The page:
Case Law Details

Case Name : Aruna Kommuri Vs ACIT (ITAT Hyderabad)
Appeal Number : ITA No. 2030/Hyd/2017
Date of Judgement/Order : 23/07/2020
Related Assessment Year : 2006-07
Courts : All ITAT (7336) ITAT Hyderabad (382)

Aruna Kommuri Vs ACIT (ITAT Hyderabad)

The issue under consideration is whether the provisions of section 50C of the Act can be applied in cases where the market value of the property is reduced due to the defect in the title of the property?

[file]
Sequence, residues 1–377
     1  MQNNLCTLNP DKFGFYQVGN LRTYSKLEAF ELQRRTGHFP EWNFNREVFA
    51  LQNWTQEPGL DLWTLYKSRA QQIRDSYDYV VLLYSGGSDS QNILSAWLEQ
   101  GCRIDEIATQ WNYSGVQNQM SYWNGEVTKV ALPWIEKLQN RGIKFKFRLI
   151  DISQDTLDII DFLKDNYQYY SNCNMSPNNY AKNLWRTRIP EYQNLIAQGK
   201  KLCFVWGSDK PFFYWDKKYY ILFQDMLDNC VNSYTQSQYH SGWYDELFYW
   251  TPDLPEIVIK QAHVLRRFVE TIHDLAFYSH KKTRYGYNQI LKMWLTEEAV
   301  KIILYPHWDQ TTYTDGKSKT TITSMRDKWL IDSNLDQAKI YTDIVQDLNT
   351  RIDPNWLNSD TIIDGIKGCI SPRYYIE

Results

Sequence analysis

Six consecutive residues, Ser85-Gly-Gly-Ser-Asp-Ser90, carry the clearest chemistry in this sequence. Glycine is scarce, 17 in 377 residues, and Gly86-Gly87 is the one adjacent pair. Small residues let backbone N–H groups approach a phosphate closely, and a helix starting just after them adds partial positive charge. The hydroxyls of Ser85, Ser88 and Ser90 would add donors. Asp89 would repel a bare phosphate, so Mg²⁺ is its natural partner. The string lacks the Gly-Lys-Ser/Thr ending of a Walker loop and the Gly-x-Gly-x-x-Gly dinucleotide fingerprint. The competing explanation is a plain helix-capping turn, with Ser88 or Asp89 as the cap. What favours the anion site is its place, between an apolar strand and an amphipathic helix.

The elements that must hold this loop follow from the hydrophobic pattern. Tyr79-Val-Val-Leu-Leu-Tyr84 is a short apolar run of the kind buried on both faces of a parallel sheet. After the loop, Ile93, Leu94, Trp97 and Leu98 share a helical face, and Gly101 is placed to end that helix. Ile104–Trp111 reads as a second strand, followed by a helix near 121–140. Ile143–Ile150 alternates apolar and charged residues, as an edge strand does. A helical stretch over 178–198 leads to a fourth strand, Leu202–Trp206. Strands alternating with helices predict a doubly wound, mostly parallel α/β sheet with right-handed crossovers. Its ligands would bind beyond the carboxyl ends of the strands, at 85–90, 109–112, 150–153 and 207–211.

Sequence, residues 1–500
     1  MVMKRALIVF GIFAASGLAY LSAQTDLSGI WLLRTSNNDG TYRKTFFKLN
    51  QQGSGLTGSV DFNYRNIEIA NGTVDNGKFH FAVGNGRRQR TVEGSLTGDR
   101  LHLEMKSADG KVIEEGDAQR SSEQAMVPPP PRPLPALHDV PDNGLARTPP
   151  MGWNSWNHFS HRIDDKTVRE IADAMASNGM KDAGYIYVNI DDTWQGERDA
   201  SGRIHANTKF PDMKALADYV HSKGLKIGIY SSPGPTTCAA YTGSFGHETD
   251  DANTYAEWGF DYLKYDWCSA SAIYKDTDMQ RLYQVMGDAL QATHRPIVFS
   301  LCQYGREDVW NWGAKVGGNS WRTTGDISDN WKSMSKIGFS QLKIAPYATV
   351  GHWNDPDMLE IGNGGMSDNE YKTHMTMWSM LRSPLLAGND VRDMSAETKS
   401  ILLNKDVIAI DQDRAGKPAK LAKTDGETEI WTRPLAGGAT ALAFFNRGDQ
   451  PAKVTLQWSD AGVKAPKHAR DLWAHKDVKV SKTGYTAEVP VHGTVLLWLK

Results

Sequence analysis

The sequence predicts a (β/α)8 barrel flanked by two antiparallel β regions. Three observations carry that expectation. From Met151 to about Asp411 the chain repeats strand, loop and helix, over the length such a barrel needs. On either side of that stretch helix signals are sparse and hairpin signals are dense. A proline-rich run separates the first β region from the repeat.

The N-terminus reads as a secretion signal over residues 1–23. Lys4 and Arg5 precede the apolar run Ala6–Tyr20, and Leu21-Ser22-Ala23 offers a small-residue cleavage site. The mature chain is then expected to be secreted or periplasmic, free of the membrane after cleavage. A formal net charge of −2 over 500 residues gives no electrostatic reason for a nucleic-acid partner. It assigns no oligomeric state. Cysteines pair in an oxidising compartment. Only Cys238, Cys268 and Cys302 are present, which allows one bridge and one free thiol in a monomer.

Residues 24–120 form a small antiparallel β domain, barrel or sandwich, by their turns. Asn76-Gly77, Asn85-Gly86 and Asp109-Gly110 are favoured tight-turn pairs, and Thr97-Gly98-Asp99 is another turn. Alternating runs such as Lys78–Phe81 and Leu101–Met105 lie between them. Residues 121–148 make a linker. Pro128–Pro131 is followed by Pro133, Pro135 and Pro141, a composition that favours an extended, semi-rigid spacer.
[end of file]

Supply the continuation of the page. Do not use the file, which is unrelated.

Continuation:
ITAT states that, from the submissions made by the Ld. AR it is quite evident that there was some litigation with respect to the property sold by the assessee. This fact is also not disputed by the Ld. Revenue Authorities. It is quite obvious that if the title of the immovable property is defective then the market value of the immovable property will be considerably reduced. In this situation, it would have been appropriate on the part of the Ld. AO to obtain a valuation report from the Ld. DVO in accordance with the provisions of section 50C of the Act as the assessee has challenged the same before him and thereafter adopted the value determined by the Ld. DVO for the purpose of computing the capital gains in the hands of the assessee. However, the Ld. AO has failed to do so. In the present circumstances, I also do not find it appropriate to remit the matter back to the Ld. AO in order to obtain the valuation report from the Ld. DVO as it will cause great inconvenience to the assessee. Further, from the facts of the case it is apparent that the sale value declared by the assessee is only 46% of the SRO value. Since the property sold by the assessee is a litigated property, I am of the considered view that the market value of the property cannot exceed the actual sale consideration received by the assessee. Hence, I do not find it appropriate to adopt the SRO value for the purpose of computation of the capital gains in the hands of the assessee, rather it would be appropriate to adopt the actual market value of the property taking into consideration of the litigation involved in the property, which is nothing but the actual sale consideration received by the assessee. Therefore, I hereby direct the Ld. AO to compute the capital gains in the hands of the assessee based on the actual sale consideration received by the assessee.